Trauma Distressing Memories Anxiety
"Healing does not mean the trauma never existed. It means the trauma no longer controls your life"
EMDR (Eye Movement Desensitization and Reprocessing) is a psychotherapy that enables people to heal from the symptoms and emotional distress that are the result of disturbing life experiences.
The brain’s information processing system naturally moves toward mental health; however, if the system is blocked or imbalanced by the impact of a disturbing event, the emotional wound festers and can cause intense suffering. Once the block is removed, healing resumes.
Repeated studies show that by using EMDR people can experience an 'unblocking' of their system, and the benefits of therapy are experienced at a rate that once took years.
There has been so much research on EMDR therapy that it is recognized as an effective form of treatment for trauma and other disturbing experiences by organizations such as the American Psychiatric Association, the World Health Organization and the Department of Defense.
EMDR therapy is also effective in treating the “everyday” memories that are the reason people have low self-esteem, feelings of powerlessness, and the myriad of problems that bring them in for therapy.
EMDR therapy is an eight-phase treatment.
Eye movements (or other bilateral stimulation) are used during one part of the session. After the clinician has determined which memory to target first, they ask the client to hold different aspects of that event, or thought, in mind and to use their eyes to track the therapist’s hand as it moves back and forth across the client’s field of vision. As this happens, for reasons believed to be connected with the biological mechanisms involved in Rapid Eye Movement (REM) sleep, internal associations arise and the client will begin to process the memory and disturbing feelings.
In successful EMDR therapy, the meaning of painful events is transformed on an emotional level. Unlike talk therapy, the insights clients gain in EMDR therapy result not so much from clinician interpretation, but from the client’s own accelerated intellectual and emotional processes. The net effect is that clients conclude EMDR therapy feeling empowered by the very experiences that once debased them.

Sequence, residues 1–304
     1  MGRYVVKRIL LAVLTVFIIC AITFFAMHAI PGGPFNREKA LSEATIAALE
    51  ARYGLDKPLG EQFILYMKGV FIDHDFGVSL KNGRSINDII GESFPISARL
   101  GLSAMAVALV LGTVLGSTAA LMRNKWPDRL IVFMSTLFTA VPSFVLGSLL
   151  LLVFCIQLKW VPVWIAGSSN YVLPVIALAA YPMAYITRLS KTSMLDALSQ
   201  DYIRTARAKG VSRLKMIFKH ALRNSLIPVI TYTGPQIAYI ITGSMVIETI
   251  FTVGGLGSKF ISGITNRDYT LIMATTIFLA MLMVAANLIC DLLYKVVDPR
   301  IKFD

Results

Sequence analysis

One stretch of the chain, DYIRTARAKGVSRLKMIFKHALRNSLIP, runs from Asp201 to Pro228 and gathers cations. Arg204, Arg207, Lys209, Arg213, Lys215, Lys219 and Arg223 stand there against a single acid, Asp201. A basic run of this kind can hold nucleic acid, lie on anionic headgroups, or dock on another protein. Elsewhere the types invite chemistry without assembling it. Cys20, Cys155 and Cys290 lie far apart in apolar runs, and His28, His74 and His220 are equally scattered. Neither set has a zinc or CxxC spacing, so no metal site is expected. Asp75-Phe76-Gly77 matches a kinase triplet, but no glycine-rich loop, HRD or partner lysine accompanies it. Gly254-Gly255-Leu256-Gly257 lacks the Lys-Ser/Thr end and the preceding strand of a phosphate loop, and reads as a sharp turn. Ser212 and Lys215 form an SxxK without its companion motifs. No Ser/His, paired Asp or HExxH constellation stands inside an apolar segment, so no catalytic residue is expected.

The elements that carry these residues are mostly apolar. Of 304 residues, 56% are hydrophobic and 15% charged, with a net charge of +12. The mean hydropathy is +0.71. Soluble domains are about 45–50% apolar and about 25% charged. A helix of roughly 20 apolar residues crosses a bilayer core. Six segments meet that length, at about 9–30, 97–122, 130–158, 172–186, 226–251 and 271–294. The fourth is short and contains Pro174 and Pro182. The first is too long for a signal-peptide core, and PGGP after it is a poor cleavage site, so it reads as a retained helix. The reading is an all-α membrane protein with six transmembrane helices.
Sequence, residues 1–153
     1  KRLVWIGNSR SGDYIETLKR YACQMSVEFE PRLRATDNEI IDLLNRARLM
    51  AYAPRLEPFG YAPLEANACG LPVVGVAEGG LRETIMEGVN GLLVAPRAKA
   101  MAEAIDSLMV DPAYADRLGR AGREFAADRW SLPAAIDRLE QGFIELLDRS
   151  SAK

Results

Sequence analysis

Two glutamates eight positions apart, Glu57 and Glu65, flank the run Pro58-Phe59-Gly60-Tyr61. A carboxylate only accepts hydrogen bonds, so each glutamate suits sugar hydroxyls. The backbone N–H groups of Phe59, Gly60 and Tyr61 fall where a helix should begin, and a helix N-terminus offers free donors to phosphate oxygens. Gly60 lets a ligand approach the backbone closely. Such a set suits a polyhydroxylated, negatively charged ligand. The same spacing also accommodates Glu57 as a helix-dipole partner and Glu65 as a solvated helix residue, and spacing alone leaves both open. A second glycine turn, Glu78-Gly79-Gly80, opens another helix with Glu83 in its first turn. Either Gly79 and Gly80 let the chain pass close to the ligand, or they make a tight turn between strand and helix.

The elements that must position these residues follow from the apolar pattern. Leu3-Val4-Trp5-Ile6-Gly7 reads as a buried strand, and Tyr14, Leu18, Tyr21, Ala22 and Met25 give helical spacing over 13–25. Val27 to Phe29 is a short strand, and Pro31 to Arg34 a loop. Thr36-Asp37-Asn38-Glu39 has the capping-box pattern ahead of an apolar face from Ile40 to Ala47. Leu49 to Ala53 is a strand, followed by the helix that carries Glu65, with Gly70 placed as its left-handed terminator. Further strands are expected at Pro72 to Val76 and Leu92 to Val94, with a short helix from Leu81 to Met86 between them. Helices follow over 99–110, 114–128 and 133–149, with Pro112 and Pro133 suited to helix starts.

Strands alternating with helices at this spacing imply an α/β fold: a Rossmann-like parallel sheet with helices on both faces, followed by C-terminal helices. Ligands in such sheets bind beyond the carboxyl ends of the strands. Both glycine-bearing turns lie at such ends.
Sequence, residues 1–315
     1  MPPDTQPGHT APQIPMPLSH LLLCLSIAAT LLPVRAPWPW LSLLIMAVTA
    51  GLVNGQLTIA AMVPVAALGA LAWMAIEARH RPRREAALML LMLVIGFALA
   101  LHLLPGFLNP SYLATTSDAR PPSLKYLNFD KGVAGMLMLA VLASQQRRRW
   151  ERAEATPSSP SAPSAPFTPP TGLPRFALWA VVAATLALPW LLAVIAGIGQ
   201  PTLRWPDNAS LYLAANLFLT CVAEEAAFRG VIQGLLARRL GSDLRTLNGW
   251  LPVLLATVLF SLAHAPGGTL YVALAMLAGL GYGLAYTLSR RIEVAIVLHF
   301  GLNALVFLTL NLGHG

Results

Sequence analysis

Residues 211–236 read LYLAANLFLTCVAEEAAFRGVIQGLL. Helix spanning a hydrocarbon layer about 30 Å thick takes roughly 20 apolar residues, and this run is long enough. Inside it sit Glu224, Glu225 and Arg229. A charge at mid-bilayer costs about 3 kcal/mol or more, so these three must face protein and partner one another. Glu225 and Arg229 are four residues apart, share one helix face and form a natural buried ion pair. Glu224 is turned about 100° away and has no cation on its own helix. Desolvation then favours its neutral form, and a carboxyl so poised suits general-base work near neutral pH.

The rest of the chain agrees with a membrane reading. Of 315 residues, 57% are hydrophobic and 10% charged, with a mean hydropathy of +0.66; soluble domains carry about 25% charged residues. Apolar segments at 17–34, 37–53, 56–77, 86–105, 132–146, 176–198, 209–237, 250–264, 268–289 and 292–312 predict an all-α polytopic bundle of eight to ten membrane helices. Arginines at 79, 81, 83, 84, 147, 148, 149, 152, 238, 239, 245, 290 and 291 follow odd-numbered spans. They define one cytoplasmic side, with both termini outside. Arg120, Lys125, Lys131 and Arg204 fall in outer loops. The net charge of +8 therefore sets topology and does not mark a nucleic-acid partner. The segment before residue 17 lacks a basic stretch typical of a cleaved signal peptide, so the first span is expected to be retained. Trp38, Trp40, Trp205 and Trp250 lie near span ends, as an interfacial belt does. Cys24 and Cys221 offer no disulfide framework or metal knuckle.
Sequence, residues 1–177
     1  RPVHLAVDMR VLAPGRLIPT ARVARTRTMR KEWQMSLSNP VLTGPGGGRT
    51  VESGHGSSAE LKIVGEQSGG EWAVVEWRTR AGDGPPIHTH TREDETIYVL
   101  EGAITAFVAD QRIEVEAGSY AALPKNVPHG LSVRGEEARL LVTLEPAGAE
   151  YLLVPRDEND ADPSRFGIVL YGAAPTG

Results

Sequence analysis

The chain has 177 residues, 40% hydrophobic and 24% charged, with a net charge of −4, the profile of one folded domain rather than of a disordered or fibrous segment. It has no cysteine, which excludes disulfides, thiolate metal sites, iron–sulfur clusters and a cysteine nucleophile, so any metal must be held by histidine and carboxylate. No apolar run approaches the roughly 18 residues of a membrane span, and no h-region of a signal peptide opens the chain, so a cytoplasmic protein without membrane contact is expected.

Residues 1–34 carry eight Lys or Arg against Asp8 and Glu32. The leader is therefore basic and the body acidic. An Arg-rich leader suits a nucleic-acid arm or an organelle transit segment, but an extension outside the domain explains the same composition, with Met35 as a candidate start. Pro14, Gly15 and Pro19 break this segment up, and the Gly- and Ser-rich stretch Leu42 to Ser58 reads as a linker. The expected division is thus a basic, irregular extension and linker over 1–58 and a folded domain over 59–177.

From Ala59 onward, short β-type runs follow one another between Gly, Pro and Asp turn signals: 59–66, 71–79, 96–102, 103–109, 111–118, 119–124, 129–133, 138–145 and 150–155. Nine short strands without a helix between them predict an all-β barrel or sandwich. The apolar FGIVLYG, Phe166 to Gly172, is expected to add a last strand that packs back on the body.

As a natural outcome of the EMDR therapeutic process, the clients’ thoughts, feelings and behavior are all robust indicators of emotional health and resolution—all without speaking in detail or doing homework used in other therapies.
Information adapted from emdr.com
What You Can Expect During EMDR:
Focus is given to:
past disturbing memories and related events,
current situations that cause distress,
and to developing the skills and attitudes needed for positive future actions.
Phase 1: The first phase is a history-taking session(s). The therapist assesses the client’s readiness and develops a treatment plan. Client and therapist identify possible targets for EMDR processing.
Note: Initial EMDR work may be focused on earlier events, even childhood experiences, before addressing the identified issue.
Phase 2: Processing in EMDR therapy is best achieved when a client is able to self-regulate their emotional state. This is why a client will work with the therapist in this stage to identify different ways of handling emotional stress.